Criminalization In Bangladesh

758 Words 4 Pages
Within the ICESR, there are four essential elements that member States must apply to when executing the obligations and provisions of the covenant to which they agreed to: availability, accessibility (physical, economic, and information), acceptability, and quality. As aforementioned, as a poor developing nation, Bangladesh lacks in all four elements. Nevertheless, Bangladesh has been commended “as a role-model for other developing countries in the region” (wpro.who.int). In terms of accessibility, LGBT communities face discrimination and criminalization while trying to access healthcare services. In some cases, there is exclusion by medical professionals of religiously and culturally marginalized groups. There is great socioeconomic inequality …show more content…
Transportation is sparse and even a danger, in some cases, due to poor roads and infrastructure. As a result, this denies much of the poorer population, concentrated in rural areas, access to private healthcare, which in itself is costly, and even public healthcare in some cases, as it is based on a prepayment method. One may be able to comprehend that those in rural areas are less healthy and face higher rates of disease and mortality due to inaccessibility. Those who cannot afford formal medical professionals turn to informal and untrained village medical “professionals.” “Village doctors provide care of questionable quality with considerable over-prescription of drugs, including the prescription of drugs that are mostly inappropriate and potentially harmful” (futurehealthsystems.org). Thus, many Bengalis do not receive proper information and education on health issues. (All information was found at wpro.who.int, lecture 14 pdf, …show more content…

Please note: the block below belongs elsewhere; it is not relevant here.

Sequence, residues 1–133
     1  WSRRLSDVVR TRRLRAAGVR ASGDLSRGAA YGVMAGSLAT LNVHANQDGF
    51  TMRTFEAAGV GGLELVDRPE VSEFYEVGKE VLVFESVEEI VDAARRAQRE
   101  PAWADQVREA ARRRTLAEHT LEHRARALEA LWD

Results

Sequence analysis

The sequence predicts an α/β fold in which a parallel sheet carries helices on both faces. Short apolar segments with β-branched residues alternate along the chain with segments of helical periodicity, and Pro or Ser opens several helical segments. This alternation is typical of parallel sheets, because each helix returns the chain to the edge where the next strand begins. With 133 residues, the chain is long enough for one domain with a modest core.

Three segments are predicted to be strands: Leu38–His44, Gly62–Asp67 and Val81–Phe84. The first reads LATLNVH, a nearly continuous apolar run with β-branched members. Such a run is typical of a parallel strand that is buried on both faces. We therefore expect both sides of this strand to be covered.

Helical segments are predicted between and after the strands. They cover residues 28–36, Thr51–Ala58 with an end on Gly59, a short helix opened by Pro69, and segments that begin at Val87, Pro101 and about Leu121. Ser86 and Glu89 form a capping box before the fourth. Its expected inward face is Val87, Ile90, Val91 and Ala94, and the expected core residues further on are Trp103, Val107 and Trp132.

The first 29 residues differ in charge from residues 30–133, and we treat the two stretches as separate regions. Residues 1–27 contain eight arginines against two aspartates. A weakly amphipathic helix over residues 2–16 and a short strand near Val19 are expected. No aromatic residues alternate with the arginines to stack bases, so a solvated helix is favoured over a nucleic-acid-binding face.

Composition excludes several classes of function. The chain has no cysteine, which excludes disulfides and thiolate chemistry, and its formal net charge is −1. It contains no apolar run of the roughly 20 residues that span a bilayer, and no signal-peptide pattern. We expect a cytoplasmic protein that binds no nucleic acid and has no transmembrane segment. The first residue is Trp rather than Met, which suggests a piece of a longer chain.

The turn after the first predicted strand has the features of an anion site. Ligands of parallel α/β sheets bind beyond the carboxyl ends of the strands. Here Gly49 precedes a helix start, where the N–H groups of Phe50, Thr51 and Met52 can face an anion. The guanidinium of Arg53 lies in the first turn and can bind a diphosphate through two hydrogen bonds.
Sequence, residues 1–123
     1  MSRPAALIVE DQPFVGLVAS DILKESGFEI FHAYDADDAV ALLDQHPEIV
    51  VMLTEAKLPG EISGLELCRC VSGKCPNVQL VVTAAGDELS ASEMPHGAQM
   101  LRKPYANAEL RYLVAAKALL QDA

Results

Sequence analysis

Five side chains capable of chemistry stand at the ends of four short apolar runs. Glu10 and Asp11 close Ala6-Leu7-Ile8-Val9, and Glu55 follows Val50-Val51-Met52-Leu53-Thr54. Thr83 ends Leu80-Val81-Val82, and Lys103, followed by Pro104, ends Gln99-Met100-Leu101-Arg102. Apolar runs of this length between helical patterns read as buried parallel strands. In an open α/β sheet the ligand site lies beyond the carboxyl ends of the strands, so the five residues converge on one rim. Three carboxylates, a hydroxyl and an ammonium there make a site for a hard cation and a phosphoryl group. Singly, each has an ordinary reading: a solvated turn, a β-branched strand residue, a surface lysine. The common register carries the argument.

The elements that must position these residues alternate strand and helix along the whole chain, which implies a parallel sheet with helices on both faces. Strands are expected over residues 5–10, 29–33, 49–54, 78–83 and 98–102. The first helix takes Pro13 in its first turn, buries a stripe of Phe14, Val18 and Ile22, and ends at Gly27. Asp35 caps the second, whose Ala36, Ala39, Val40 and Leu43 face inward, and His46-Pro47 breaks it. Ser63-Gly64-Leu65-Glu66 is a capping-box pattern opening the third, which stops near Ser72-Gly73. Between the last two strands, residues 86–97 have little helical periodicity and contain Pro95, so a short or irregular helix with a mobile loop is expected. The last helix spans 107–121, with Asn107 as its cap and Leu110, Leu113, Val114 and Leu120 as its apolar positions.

In many cases, there are unofficial fees, bribes, and long waiting times just to get treatment. Because of a lack of coordination and accountability by the government, corruption within the system, lack of medical equipment, drugs, supplies and instruments, low government investment in the health sector, and habitual underspending of the health budget by the MoHFW, “many sick people every year are left untreated” due to “insufficient and unsatisfactory services,” “low quality of public and private services,” and inefficiency in utilization of resources” (wpro.who.int). Overall, there is negligence by medical professionals, shortages, absenteeism in health facilities of medical professionals from the doctor level all the way down to health inspectors and family welfare assistants because of low salaries and insufficiency of the health system. Due to “weak monitoring by regulatory bodies,” there is mismanagement throughout the whole healthcare system in terms of, drugs, equipment, and service (nhrc.org.bd). Nearly “70,000 unlicensed drug stores” throughout the country sell prescription medicine illegally, as a result (wpro.who.int). As one may be able to conclude, it is due a mixture of political, cultural, and economic inefficiencies and inequities that have acted as barriers to fully achieving the elements and goals of the

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